Asking Friends And Family To Invest

Raising money for a new business venture is never easy. And although there are many sources of funding available for a person to pursue most of them will never pan out. At least not initially. Banks prefer to loan money to established business. Angels want to invest in businesses that will provide a hefty return on their capital and venture capitalists want to invest in the next great public company. Often in the end you will find that you have only three options. Yourself, your family, and your friends. And if you had the money you wouldn’t be reading this article.

Asking for money from your family and friends is not always an easy thing to do. You’re asking them to put their trust in you by investing potentially thousands of dollars in your business concept. Which is definitely different than asking for twenty bucks until next Friday. So before you go about asking them you had better be prepared. To start you should make a list of who you are thinking of asking. Consider the relationship you have with each person separately. Is it a good solid relationship or has it been a bit bumpy? You need to really think this through before asking.

Families have been split apart more than once because of money. And you don’t really want to be the cause of such an occurrence. Some people may be willing to loan you the money even though they really don’t have it. Asking grandma to dip into her retirement may not be a wise idea. Once you’ve gone over your list though you should hopefully have a few legitimate candidates left. People that know they can trust you, will believe in you and might have the money.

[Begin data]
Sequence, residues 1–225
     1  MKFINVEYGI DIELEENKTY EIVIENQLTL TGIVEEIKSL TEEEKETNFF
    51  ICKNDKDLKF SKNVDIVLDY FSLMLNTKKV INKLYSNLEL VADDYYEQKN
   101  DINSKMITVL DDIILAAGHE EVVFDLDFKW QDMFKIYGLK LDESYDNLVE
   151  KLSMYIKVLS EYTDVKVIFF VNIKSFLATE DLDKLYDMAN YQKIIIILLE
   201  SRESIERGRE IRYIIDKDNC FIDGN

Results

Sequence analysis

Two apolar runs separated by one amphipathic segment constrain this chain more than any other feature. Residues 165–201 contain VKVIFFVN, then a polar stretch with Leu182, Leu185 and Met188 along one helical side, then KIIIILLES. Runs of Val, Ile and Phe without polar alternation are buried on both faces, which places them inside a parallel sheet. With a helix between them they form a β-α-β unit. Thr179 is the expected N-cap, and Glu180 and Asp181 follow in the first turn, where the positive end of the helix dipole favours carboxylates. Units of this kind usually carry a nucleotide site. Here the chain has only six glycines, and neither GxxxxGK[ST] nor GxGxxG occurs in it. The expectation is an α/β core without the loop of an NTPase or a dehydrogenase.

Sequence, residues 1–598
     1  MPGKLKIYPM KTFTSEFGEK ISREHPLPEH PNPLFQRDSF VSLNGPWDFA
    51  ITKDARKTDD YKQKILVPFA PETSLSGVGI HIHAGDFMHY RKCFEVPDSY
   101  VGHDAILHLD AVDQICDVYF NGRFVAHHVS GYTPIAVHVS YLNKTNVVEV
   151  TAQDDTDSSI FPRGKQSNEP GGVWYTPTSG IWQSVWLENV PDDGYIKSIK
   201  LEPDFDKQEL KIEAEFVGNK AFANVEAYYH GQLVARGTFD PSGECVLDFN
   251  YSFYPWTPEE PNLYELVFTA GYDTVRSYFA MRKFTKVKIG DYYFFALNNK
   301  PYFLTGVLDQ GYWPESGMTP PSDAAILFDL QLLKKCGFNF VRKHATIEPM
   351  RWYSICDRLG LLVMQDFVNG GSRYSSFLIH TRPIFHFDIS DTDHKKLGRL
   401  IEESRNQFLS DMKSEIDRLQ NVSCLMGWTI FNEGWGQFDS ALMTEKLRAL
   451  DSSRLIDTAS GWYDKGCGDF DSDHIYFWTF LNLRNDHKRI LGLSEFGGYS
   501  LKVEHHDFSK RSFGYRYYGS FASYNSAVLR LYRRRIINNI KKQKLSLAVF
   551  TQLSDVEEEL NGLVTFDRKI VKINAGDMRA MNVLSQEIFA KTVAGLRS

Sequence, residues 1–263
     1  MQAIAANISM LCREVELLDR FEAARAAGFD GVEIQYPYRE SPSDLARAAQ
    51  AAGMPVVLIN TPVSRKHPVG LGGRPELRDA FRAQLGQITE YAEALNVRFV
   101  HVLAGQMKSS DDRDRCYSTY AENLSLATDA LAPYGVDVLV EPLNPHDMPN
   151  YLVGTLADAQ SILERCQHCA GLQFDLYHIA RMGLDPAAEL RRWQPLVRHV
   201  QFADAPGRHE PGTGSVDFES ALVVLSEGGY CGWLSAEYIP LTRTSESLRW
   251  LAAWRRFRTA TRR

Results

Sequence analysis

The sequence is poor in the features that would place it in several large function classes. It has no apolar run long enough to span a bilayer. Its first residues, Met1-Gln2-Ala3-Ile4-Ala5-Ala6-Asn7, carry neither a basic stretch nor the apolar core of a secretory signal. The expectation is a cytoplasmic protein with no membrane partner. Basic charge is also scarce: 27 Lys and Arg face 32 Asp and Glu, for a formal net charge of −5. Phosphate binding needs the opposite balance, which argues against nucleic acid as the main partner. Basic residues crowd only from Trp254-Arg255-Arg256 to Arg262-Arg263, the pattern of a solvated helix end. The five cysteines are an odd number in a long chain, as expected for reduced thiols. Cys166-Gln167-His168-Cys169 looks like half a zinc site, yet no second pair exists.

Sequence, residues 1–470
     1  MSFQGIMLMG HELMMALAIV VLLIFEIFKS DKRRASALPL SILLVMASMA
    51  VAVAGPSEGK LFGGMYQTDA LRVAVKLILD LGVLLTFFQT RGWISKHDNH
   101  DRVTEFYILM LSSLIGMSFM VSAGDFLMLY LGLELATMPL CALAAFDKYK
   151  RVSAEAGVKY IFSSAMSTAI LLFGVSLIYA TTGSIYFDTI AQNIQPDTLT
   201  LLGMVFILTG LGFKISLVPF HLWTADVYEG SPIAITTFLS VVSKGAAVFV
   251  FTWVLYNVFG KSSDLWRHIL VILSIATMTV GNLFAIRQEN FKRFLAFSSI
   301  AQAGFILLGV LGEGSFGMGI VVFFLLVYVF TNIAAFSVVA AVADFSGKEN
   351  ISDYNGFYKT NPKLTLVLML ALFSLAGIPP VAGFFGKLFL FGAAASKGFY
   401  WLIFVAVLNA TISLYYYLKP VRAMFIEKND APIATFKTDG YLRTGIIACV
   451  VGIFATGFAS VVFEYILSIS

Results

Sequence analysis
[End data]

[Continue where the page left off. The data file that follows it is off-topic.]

Now it is time to prepare. Consider your family and friends like you would a bunch of bankers. Prepare your business plan and loan proposal the same as you would for a bank. Your investors are going to want to know what is in it for them. What kind of a return on their investment can they expect? How long will you need the money? And what kind of security if any are you offering? These questions and others are going to pop up so be prepared.

When it comes time to give your proposal watch for red flags. Many people think because they are willing to loan you money it gives them the right to get involved. From some people you may welcome their involvement. Possibly as a sounding board for your ideas but not as a partner. If this happens during your proposal then you can guess what it might be like after you have borrowed their money. Be prepared to walk away from such a situation.

When giving your proposal do not get emotional. Do not use your relationship with someone as a way to persuade them into investing. This is a business proposal offered by you to them. If you let emotion get in the way now then you will later as well. Keep it professional and leave your relationship out of it. This won’t be easy but it’s the only way to do it. And if your proposal is rejected then except it gracefully. Don’t hold any grudges because of it just thank them for listening to you.

Your family and friends can often be a great source of funding for business start-ups you just need to consider the risks beforehand. Take into account their situations before asking and don’t take it personally if they don’t want to help you. Remember that your friends and family members should mean more to you than a business venture does.